Researchers have found that women who have had chlamydia face a greater risk of suffering an ectopic pregnancy because of lasting effects of the infection.
The study found women who'd had chlamydia were more likely to have a particular protein - PROKR2 - in their fallopian tubes which increases the likelihood of an embryo implanting outside of the womb.
Scientists at The University of Edinburgh who undertook the study said their findings provide the first concrete evidence that chlamydia can increase the risk of an ectopic pregnancy.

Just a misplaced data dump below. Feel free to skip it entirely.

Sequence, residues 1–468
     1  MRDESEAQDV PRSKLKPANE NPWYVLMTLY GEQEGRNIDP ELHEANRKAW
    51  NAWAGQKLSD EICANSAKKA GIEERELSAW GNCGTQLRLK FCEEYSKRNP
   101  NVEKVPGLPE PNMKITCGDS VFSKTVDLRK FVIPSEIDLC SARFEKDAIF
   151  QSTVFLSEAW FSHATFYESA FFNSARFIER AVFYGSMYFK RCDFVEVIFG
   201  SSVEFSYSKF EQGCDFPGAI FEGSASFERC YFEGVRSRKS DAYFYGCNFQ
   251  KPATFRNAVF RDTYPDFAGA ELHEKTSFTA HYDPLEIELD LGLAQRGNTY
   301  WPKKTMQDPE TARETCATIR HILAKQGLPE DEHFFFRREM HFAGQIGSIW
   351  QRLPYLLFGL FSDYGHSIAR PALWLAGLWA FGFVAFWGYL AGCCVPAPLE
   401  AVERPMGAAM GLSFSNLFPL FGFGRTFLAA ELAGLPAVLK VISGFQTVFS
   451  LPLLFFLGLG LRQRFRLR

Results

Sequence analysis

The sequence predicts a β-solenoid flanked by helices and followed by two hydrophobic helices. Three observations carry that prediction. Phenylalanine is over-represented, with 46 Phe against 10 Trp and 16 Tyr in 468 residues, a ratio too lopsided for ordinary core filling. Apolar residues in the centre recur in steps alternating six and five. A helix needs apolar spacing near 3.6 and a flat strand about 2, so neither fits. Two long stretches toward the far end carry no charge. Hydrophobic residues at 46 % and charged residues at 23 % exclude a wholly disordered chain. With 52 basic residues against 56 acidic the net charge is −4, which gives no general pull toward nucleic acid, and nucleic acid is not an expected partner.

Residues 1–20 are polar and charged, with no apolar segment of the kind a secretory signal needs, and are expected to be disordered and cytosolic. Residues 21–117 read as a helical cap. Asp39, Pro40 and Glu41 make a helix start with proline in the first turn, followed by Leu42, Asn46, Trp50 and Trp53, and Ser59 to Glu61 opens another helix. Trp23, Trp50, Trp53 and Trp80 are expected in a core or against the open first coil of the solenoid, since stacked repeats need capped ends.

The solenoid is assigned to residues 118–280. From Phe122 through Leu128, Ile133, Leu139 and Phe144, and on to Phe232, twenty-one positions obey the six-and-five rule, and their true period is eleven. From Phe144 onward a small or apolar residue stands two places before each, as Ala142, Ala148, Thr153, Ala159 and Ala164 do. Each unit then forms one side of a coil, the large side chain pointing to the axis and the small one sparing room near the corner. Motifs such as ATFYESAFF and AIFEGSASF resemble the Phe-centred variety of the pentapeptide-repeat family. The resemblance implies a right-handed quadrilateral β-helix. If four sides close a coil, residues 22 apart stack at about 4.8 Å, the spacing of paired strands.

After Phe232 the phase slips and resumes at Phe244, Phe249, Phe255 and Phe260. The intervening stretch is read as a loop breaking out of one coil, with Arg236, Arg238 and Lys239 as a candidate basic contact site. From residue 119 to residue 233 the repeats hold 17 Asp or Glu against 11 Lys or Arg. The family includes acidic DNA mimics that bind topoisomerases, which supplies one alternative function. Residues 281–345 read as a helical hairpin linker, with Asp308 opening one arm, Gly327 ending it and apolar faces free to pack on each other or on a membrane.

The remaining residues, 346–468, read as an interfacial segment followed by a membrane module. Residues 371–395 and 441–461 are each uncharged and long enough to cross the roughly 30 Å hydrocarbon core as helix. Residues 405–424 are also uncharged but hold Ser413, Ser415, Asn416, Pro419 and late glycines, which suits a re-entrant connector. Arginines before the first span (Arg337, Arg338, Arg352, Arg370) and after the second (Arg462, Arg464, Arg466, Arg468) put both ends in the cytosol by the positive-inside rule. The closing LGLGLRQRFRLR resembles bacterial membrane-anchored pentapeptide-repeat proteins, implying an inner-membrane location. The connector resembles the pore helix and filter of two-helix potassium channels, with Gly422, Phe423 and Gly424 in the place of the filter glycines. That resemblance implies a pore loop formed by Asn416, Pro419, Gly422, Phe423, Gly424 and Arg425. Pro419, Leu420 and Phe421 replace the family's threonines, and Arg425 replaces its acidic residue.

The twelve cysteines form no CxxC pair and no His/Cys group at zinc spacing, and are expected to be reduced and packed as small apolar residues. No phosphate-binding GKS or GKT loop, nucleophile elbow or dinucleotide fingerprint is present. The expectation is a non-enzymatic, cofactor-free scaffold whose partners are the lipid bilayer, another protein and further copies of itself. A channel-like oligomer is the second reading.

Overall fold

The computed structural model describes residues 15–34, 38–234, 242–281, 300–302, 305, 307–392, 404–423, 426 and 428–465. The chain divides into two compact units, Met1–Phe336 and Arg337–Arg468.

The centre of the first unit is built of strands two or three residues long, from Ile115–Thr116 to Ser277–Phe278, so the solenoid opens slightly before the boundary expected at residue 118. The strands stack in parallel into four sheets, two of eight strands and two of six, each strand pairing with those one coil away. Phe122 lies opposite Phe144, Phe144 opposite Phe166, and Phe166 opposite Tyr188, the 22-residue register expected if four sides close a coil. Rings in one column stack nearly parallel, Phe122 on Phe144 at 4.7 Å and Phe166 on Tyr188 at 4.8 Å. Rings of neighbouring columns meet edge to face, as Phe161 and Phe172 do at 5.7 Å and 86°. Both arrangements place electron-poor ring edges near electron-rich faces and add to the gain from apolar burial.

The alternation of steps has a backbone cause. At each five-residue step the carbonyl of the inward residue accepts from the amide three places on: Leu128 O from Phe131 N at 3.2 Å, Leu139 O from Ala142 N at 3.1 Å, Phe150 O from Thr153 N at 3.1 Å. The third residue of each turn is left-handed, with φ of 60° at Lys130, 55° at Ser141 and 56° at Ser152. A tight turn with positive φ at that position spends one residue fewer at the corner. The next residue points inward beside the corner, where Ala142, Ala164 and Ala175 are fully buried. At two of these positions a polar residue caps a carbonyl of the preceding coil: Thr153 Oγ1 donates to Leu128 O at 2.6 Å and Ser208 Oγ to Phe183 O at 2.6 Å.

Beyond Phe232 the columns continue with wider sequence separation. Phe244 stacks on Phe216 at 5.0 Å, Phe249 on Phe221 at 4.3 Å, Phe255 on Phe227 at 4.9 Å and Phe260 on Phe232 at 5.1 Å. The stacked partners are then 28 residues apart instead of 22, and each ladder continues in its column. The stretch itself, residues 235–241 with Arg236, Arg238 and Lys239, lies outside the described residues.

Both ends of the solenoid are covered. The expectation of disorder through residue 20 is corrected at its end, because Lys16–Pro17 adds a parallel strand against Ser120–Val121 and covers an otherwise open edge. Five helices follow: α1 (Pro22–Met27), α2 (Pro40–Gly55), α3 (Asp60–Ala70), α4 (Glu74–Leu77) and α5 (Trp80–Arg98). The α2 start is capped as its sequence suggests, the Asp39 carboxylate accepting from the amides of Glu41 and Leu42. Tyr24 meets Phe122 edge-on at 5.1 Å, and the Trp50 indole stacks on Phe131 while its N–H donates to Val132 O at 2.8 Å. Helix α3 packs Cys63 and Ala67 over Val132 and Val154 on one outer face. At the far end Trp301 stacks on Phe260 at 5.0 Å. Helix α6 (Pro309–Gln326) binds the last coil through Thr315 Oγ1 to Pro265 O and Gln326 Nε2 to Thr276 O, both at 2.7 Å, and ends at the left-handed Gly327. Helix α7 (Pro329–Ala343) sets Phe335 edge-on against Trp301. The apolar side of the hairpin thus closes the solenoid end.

Dr Andrew Horne from the University's Centre for Reproductive Biology, said: 'We know that chlamydia is a major risk factor for ectopic pregnancy but until now we were unsure how the infection led to implantation of a pregnancy in the Fallopian tube. We hope that this new information allows health care providers to give women accurate information about risks following chlamydial infection and to support public health messages about the importance of safer sex and chlamydia testing."
Previous research at the university found a similar protein increased the likelihood of smokers having an ectopic pregnancy.
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